Cats need water, but their nature and domestic lives sometimes work against them. Household cats originated from desert-dwelling felines who got most of their water from their food. Yet many cats are fed dry foods that have a low water content and are forced to drink out of a bowl to compensate.
Some cats go with the flow, so to speak, and do just fine with this set up, but others are in what amounts to a constant state of mild dehydration. This can set them up for urinary problems, including bladder stones and feline idiopathic cystitis (FIC). An important part of treating these diseases is increasing water consumption to promote the production of dilute urine.
So, as anti-intuitive as it sounds, if your cat is urinating outside of the litter box or has any of the other symptoms of lower urinary tract disease, you want to do everything possible to encourage water consumption to get them to pee more, not less.
How can we get our cats to drink more water? One of the easiest methods is to switch from dry to canned food. Yes, this can be a little inconvenient and more expensive, but if you look at it as a drug-free way to treat and prevent disease, it becomes more attractive. Of course, all canned foods aren’t created equal. Some are the feline equivalent of junk food; make sure to pick a brand that meets AAFCO (Association of American Feed Control Officials) standards and is made from high quality ingredients.
You’d think that cats would readily switch to canned food, since it more closely mimics their natural diet. But this is not always the case. Change can be very stressful for cats, and if you remember, stress plays an important role in FIC, so we want the transition to go smoothly. If you put the canned food down and your cat loves it, great; if not, here are a few tips that should help:
- Try mixing a small amount of the new canned food in with the old dry and gradually increase the ratio in favor of the canned over a week or two. In fact, this is a good way to make any dietary modification, since sudden changes can lead to vomiting and/or diarrhea.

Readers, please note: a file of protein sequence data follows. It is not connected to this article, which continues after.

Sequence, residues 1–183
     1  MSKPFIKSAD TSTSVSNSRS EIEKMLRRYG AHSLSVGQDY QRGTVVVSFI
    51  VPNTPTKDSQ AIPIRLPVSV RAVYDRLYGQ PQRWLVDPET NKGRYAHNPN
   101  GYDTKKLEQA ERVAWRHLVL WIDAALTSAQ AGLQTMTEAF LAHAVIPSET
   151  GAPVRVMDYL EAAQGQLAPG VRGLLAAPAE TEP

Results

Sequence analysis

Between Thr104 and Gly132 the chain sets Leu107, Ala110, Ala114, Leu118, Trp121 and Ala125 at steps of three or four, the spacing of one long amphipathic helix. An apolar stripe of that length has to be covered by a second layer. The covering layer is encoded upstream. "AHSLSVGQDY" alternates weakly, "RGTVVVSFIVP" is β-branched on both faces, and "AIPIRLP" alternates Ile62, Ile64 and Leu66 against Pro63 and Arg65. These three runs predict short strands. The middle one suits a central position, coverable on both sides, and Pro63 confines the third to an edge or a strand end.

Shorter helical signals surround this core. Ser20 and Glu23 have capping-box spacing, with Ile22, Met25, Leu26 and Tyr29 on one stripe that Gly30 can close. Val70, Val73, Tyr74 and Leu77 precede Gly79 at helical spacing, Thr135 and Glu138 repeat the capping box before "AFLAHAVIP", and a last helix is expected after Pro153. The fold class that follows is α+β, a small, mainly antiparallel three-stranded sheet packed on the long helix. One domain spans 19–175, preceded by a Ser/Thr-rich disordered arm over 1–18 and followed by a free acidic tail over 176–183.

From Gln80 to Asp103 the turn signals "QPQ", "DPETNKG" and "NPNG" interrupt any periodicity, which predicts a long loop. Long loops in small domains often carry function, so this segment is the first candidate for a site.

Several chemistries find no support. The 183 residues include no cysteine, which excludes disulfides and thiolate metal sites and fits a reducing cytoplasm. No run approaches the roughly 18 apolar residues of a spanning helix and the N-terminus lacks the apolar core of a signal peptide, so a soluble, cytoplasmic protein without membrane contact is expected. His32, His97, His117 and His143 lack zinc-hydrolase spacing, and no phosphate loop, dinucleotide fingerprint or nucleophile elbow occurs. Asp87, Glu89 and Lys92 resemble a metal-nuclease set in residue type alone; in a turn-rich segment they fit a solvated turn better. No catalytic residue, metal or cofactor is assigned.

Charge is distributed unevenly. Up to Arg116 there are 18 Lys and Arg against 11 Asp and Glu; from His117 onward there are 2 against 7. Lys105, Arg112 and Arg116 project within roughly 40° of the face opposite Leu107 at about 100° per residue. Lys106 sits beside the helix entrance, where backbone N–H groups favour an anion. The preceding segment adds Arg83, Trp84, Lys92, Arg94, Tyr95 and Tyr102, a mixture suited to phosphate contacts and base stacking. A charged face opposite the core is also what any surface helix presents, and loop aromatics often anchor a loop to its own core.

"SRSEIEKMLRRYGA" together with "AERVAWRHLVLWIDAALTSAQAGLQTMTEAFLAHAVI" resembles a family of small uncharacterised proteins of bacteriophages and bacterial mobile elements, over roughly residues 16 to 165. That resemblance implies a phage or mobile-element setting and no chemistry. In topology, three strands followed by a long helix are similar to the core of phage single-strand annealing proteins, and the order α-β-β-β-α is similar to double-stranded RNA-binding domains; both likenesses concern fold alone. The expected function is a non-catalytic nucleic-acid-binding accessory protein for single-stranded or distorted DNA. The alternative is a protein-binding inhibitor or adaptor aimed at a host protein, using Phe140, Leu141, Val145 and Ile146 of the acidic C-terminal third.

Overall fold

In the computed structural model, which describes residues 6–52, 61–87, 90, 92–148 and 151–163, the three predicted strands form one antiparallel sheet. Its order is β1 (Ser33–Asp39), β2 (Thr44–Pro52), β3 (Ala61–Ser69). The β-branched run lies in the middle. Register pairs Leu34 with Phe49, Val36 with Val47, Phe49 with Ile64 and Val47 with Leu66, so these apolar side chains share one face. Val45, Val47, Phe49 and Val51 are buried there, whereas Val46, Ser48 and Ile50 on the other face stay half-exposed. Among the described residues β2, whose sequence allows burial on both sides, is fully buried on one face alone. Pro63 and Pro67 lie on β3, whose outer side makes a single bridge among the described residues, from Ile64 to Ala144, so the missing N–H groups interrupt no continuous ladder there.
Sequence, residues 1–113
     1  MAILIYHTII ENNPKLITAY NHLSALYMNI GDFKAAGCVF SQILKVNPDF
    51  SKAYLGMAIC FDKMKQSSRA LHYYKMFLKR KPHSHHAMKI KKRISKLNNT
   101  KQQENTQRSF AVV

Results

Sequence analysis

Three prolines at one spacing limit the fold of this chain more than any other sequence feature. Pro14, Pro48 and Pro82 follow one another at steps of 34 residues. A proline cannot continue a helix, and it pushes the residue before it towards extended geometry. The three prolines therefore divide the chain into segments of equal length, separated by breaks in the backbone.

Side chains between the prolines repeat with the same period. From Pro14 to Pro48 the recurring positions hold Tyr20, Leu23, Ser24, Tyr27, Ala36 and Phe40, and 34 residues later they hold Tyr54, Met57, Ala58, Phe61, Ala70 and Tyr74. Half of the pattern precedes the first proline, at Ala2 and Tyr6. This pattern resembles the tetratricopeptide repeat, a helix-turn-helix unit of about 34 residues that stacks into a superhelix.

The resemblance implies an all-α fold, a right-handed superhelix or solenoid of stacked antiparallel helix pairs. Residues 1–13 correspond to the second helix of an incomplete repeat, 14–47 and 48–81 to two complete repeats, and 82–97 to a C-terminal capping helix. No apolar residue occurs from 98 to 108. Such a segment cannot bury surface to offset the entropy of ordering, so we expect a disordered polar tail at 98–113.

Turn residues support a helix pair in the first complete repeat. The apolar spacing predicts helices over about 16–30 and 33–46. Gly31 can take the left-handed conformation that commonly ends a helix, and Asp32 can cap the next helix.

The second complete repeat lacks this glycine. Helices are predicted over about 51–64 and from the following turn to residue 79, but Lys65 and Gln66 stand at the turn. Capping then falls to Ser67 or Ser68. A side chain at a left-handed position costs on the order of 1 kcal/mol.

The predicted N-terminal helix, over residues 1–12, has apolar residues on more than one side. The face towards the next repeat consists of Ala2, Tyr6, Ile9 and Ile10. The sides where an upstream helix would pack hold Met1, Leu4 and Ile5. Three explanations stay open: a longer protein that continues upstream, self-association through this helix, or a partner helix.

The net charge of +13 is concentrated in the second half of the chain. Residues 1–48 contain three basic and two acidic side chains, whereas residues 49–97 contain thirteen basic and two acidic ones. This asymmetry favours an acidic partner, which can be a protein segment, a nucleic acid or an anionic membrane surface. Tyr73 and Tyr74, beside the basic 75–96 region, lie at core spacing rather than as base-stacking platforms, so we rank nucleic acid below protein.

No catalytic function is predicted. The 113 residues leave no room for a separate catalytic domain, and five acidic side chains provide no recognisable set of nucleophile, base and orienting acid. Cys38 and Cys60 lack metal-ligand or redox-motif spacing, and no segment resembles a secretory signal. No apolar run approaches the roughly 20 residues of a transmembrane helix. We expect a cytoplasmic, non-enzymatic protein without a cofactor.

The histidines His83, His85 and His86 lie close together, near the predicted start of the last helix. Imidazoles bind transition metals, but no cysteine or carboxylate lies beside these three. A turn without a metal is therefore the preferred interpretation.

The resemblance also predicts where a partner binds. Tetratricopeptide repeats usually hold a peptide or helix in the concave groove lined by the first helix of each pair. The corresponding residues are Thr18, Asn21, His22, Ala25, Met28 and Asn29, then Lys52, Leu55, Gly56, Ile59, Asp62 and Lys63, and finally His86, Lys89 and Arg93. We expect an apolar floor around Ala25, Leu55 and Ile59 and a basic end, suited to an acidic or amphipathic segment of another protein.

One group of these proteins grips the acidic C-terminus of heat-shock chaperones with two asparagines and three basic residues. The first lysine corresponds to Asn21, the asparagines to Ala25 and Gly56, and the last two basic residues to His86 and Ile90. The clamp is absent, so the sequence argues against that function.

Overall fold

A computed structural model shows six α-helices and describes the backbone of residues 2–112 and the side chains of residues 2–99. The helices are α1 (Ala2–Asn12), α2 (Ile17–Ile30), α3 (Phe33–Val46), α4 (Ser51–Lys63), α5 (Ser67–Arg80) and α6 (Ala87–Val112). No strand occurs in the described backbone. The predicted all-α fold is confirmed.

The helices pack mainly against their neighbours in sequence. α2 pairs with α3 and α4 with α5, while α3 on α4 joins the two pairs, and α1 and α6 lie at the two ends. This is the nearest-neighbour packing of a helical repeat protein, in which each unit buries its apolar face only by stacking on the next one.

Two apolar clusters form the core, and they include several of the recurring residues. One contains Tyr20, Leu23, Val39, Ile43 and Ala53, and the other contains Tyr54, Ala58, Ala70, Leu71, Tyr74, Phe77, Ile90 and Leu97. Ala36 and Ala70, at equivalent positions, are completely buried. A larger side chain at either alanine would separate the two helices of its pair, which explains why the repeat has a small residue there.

- It is okay for cats to be hungry despite all the fuss that they will inevitably make. Take away all the dry food and offer the canned 12 hours later. Leave it out for a few hours. If your cat won’t eat it, offer a small meal of dry food, but don’t leave any extra out. Repeat this process roughly every twelve hours.
- If this doesn’t work after a few days, try sprinkling a little of something that your cat finds irresistible on top of the canned food (e.g., a few crushed treats or dry food kibbles, a little tuna or Parmesan cheese), or even temporarily try a less healthy brand of canned food that has more sugar, salt and animal digests that pets find hard to resist.
Cats, especially fat cats, cannot skip too many meals without risk to their health. They can develop a potentially fatal disease called hepatic lipidosis if their fat stores are mobilized too quickly. So never think that you’ll simply wait out your cat if he’s not eating a new food. If it proves too difficult to make the switch, don’t despair, you do have other options.If your veterinarian has prescribed a specific diet to either dissolve urinary stones or otherwise promote bladder health, ask if it is available in a dry form. Most pet food manufacturers make both dry and canned varieties to satisfy the tastes of even the most finicky felines.
To encourage water consumption, place several different types of bowls (shallow ceramic saucers, deeper plastic containers, etc.) around your house and see if your cat prefers certain types or locations over others. Refill bowls with fresh water daily and wash them with hot, soapy water at least weekly.
Some cats prefer to drink from a running source of water. Try leaving a faucet on at a fast drip several times a day or even purchase one of the kitty water fountains that are now widely available. If your situation calls for it, your veterinarian can even teach you how to inject fluid boluses under your cat’s skin.
With patience and persistence, most owners can find a way to get their cats to take in enough water to keep them healthy.
Next week: The final article in the feline urinary issues series — Prevention and Monitoring.
Dr. Jennifer Coates